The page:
On Tuesday, February 4,
2014, at 7 pm at the Anchorage Museum at Rasmuson Center
(W. 7th Avenue
entrance), poets Camille Dungy and Sean Hill will discuss “Writing the Whole Environment”: what it means to
write about family, history, community, and the natural world. A
question-and-answer session and book signing will follow. Admission is free.
poem from each, followed by links to sites where you can learn more about the poets and
|Camille T. Dungy (WideVision Photography, Marcia Wilson)|
Sing the mass—
light upon me washing words
now that I am gone.
sky was a hot, blue sheet the summer breeze fanned
and over the town. I could have lived forever
that sky. Forgetting where I was,
looked left, not right, crossed into a street
stepped in front of the bus that ended me.
you believe me when I tell you it was beautiful—
left leg turned to uselessness and my right shoe flung
distance down the road? Will you believe me
tell you I had never been so in love
anyone as I was, then, with everyone I saw?
way an age-worn man held his wife’s shaking arm,
the weight that seemed to sing from the heart
clutched. Knowing her eyes embraced the pile
was me, he guided her sacked body through the crowd.
the way one woman began a fast the moment she looked
the wheel. I saw her swear off decadence.
her start to pray. You see, I was so beautiful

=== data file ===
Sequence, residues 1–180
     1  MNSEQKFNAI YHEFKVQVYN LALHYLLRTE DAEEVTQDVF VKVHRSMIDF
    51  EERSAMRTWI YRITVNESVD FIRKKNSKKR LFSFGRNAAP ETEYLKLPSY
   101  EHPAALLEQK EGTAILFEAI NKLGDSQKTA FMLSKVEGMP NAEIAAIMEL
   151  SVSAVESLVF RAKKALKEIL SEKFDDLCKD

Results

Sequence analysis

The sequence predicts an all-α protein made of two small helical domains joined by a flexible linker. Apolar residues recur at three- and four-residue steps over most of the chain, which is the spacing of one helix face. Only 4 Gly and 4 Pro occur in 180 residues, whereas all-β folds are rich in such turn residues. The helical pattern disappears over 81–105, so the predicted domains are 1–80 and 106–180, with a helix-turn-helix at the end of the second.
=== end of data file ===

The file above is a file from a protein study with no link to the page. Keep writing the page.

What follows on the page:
woman sent to clean the street used words
police tape to keep back a young boy
before he rounded the grisly bumper.
woman who cordoned the area feared my memory
fly him through the world on pinions of passion
as, later, the sight of my awful beauty pulled her down
tears when she pooled my blood with water
swiftly, swiftly washed my stains away.
Blue, Suck on the Marrow, and What to Eat, What to Drink, What
to Leave for Poison. She edited Black Nature: Four Centuries of
African American Nature Poetry, and co-edited the From the Fishouse poetry
anthology. Her honors include an American Book Award, two Northern California
Book Awards, a California Book Award silver medal, and a fellowship from the
NEA. Dungy is currently a Professor in the English department at Colorado State
University. While in Anchorage, Camille Dungy will also
teach a 49 Writers creative writing class on Wednesday, Feb. 5, 6:00-9:00 pm,
How to Write a Poem: Make a List. Click here for
fit like the not it
our childhood games.
confessional or, maybe,
if I’m penitent
could tell you about
paradise I hiked
flora and fauna—
the Sidle Parade,
spectacle I saw yesterday,
not. I could tell
really feel about my
shoe size, and they’d
same weight like
the Heart—the soul
balance the feather to gain
to the Dead Man’s
case an engineer keels
pressure, the brakes engage.
Poems, Gathering Ground, The
Ringing Ear, and Black Nature: Four Centuries of African American
His first book, Blood
Ties & Brown Liquor,
was published by the University of Georgia Press in 2008. In
2009 Hill became an editor at Broadsided Press.
His second collection of poetry, Dangerous Goods, is forthcoming from Milkweed
Editions in early 2014. He makes his home in Bemidji, Minnesota, but he
has moved to Fairbanks, Alaska, to join the creative writing faculty at UAF as a visiting professor.